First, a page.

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[mey-ser] /ˈmeɪ sər/
(in Scotland) an officer who attends the Court of Session and carries out its orders.
Origin of macer
1300-50; Middle English < Anglo-French; Middle French massier. See mace1, -er2 Unabridged
Based on the Random House Dictionary, © Random House, Inc. 2015.
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Examples from the Web for macer
Historical Examples
  • So those two went to supper, and who should come in, of all men in the world, but Major macer?

    The Book of Snobs William Makepeace Thackeray
  • "macer, macer," was called around by the innumerable spectators.

  • These too soon took their leave of him, and macer, unimpeded and alone, turned towards his home.

    Aurelian William Ware
  • Yet macer lost not one jot of his coolness in that awful moment.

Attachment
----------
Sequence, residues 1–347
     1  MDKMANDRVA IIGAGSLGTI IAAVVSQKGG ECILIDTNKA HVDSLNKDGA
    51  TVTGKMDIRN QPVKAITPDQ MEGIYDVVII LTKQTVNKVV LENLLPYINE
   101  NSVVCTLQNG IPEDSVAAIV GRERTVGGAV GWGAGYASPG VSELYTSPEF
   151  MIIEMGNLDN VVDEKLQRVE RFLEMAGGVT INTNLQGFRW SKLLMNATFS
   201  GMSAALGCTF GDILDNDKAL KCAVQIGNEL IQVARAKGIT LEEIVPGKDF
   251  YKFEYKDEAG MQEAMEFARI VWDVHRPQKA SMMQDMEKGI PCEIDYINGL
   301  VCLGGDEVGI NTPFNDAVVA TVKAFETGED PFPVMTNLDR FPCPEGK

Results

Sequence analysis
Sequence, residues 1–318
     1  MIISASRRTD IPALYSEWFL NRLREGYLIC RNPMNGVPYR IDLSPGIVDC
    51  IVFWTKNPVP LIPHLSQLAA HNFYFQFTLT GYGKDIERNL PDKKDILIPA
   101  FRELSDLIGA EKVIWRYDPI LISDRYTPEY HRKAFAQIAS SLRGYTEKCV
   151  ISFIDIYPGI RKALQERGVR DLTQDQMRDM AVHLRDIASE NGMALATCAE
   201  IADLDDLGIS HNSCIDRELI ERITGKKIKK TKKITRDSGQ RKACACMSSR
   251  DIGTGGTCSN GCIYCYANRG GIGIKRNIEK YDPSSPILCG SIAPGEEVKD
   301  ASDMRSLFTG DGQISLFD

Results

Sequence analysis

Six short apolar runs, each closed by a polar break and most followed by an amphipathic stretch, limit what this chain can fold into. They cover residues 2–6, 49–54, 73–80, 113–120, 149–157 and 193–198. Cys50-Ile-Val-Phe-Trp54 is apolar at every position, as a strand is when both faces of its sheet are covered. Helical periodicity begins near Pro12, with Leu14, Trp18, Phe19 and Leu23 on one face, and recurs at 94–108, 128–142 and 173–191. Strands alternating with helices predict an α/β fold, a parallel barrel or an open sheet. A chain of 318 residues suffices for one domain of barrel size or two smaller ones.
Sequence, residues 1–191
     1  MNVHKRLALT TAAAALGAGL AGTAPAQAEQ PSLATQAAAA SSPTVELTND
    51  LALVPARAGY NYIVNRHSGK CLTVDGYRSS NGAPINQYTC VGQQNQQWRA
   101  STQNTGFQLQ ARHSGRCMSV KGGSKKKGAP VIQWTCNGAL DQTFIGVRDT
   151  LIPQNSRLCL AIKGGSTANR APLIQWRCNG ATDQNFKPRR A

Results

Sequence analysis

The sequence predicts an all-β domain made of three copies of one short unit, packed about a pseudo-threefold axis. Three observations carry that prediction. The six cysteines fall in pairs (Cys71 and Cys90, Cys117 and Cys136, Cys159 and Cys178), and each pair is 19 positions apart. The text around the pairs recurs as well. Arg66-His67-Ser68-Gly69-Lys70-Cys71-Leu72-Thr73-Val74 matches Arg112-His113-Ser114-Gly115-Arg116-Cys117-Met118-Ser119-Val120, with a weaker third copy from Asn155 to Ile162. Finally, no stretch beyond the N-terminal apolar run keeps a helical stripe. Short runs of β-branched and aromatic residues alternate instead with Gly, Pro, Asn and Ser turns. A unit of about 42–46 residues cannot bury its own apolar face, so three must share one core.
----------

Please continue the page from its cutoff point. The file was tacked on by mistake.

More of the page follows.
• Still more amazed were they when macer turned toward the emperor and stretched out his hands.

  • It was evident that the Batavian was not at all equal to macer.

  • The juices are divided into 'meagre' and unctuous (macer et pinguis).

    De Re Metallica Georgius Agricola
  • Upon this macer was sent out again, and killed this lion easily.

  • No others are now spoken of in Rome, but macer and his heroic wife and children.

    Aurelian William Ware
  • macer alone is enough to set on fire a city, a continent, a world.

    Aurelian William Ware
British Dictionary definitions for macer


a macebearer, esp (in Scotland) an official who acts as usher in a court of law
Word Origin
C14: from Old French massier, from massemace1
Collins English Dictionary - Complete & Unabridged 2012 Digital Edition
© William Collins Sons & Co. Ltd. 1979, 1986 © HarperCollins
Publishers 1998, 2000, 2003, 2005, 2006, 2007, 2009, 2012
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